Historical Rumkale to be reintroduced to tourism
Rumkale, meaning Roman Castle, was a powerful fortress on the river Euphrates, 50 km west of Şanlıurfa.
Located between Turkey’s southeastern cities of Gaziantep and Şanlıurfa, Rumkale bears the traces of Urartian, Babylonian, Sumerian, Seljuk and Ottoman civilisations.
The fortress, now situated across a peninsula created by the reservoir of the Birecik Dam within the boundaries of Şanlıurfa’s Halfeti district, is currently accessible by boat either from the neighboring site of Zeugma or from the town of Halfeti.
The boats make their way leisurely through a water-filled gorge then, on the western bank of the river, you can begin to make out the shattered walls of what must once have been a magnificent seven-gated medieval castle.
As of March 2017, it was not possible to land at the site; extensive rebuilding is under way inside the fortress and on the external walls. Rumkale will be reintroduced to tourism upon the completion of the restoration works in the area.
Rumours about the Bible
Accepted as a sacred place by Christians as well, Rumkale is rumored to be a place where John the Apostle dwelled during the Roman Empire and made a copy of the Bible in a room excavated inside a rock. He then hid it until it could be smuggled out to Beirut. Some believe that John died and was buried here although his remains have never been found.
Halfeti – above and below the Euphrates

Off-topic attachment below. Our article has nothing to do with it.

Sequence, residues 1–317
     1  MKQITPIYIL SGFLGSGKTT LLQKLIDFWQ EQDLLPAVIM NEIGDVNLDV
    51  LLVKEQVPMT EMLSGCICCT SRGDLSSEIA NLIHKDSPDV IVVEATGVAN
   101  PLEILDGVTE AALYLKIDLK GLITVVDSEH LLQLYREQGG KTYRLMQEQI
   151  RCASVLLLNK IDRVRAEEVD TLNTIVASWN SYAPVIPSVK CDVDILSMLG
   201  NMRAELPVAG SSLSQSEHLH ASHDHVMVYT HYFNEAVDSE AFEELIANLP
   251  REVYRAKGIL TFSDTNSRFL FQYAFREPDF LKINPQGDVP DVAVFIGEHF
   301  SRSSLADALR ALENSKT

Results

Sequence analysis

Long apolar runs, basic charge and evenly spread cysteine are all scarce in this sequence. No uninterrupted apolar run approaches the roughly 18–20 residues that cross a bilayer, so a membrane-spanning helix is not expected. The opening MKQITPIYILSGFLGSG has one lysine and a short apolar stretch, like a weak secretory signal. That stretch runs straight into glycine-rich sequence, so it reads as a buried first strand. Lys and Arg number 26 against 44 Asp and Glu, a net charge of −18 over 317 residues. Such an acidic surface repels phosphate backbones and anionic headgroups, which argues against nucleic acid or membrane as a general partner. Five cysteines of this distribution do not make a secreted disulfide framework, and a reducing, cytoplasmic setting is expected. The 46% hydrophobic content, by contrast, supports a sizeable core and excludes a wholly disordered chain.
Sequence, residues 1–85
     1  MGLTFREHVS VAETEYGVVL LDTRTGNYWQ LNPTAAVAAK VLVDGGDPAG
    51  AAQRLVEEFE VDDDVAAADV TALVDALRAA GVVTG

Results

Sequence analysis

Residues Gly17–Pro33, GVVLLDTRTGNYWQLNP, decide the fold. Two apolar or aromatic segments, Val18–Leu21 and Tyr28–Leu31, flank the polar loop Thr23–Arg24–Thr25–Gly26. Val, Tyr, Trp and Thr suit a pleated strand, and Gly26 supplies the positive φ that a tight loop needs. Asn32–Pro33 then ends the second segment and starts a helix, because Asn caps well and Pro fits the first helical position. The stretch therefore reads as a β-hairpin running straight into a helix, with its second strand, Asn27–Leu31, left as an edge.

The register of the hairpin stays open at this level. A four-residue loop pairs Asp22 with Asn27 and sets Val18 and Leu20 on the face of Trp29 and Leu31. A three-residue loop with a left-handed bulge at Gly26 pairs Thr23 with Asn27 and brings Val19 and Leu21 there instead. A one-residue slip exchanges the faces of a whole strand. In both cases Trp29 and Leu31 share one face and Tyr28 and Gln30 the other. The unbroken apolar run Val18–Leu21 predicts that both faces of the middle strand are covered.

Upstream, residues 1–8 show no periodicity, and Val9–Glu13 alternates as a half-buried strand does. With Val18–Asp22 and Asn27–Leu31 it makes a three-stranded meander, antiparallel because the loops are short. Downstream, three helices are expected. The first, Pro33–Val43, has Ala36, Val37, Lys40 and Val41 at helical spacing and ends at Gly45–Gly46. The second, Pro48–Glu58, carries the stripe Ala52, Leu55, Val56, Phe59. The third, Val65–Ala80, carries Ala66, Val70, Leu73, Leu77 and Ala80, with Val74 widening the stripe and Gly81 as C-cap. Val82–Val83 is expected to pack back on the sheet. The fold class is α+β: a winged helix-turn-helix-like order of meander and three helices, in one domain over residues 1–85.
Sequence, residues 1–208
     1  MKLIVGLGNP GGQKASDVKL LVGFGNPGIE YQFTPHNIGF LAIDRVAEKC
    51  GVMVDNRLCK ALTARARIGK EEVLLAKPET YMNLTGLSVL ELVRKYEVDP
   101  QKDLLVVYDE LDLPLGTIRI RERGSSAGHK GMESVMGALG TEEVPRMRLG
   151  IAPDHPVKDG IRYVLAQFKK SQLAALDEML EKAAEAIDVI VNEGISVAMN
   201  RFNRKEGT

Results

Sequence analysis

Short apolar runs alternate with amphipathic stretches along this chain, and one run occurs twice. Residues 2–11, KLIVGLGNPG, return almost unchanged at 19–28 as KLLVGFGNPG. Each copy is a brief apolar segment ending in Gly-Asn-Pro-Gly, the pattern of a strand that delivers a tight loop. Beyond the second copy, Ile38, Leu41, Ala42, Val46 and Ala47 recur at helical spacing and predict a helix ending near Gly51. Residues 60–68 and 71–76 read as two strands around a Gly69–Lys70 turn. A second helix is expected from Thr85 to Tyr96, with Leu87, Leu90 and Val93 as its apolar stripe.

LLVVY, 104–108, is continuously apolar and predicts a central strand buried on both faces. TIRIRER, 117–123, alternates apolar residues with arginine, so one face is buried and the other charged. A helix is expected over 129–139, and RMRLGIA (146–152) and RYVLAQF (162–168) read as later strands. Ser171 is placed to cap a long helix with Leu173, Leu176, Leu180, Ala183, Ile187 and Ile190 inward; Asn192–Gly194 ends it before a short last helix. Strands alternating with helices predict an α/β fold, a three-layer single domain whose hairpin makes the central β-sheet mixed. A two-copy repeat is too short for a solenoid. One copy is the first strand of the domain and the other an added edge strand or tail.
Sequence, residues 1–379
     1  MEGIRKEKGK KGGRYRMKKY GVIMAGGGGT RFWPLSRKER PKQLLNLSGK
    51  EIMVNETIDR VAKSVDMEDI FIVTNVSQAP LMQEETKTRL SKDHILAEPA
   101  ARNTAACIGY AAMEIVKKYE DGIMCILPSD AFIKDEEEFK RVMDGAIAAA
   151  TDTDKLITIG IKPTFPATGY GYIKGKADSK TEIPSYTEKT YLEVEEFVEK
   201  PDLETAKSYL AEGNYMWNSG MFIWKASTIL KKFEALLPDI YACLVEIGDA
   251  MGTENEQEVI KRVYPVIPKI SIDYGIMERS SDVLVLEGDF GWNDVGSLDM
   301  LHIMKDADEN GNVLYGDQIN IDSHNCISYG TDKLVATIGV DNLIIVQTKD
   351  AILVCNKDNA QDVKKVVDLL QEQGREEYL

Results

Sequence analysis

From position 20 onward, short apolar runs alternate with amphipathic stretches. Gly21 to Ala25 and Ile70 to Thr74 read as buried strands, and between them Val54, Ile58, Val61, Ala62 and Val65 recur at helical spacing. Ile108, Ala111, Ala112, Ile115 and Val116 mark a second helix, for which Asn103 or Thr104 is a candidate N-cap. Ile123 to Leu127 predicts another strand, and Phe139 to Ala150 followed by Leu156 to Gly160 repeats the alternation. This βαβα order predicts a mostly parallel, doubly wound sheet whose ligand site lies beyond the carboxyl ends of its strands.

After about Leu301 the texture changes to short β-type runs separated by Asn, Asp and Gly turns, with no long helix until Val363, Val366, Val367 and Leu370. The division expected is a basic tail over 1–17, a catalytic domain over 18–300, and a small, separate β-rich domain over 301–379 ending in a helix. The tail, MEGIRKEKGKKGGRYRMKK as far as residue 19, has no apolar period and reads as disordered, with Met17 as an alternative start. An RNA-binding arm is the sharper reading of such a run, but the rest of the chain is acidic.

Halfeti is a small farming district on the east bank of the river Euphrates in Şanlıurfa Province in Turkey, 120 km from the city of Şanlıurfa.
In the 1990’s, Halfeti was submerged under the waters of the dam on the Euphrates at Birecik and the town was removed to the village of Karaotlak.
As part of the Southeastern Anatolia Project, aka GAP, several dams were constructed in the area and surrounding regions as part of a larger agricultural and economic initiative by the Turkish Government. The town of Halfeti was among those settlements, ancient and contemporary, that would remain under the rising water levels of the local dams and rivers following the execution of the GAP.
The old town of Halfeti is only partially submerged and is beginning to attract visitors, especially those who hire a ferry to visit the ruins of the nearby fortress of Rumkale.
The countryside is also attractive, although the green valley of the past is now underwater.
Until the area was flooded in 1999, the people lived by fishing in the Euphrates and farming on the riverbank, especially growing pistachios and the Halfeti rose.
The Turkish Halfeti Rose – The Black Rose
Black roses, called the Turkish Halfeti Rose, bloom in small numbers exclusively in the village of Halfeti.
This unique rose is extremely rare and strangely beautiful. It doesn’t bloom in petals of ebony immediately. The rose blossoms a dark red but this scarlet shade fades to black as the summer progresses.
While the Turkish Halfeti Rose can only be grown in this very specific part of the world, its limited availability wasn’t immediately known until the residents of Halfeti were forced to relocate.
The residents took their rose plants with them and replanted them in their new village but quickly realised that something was wrong.
The roses failed to thrive in their new location. While only a short distance from their original home, the soil in Old Halfeti had been fed by the waters of the Euphrates, which has a unique pH level. To prevent the extinction of this unique beauty, district officials collected seeds from the roses and planted them in greenhouses close to Old Halfeti. In doing so, they managed to save the striking rose.
Only in Halfeti does the rose bloom in its black hue; when planted elsewhere, the rose always blooms in deep red.
There is a fragrance named for these beautiful roses.
Unique, intriguing and only found in one part of the world, the Turkish Halfeti Rose is truly one of a kind!
Featured photograph of Halfeti by Nichola Chapman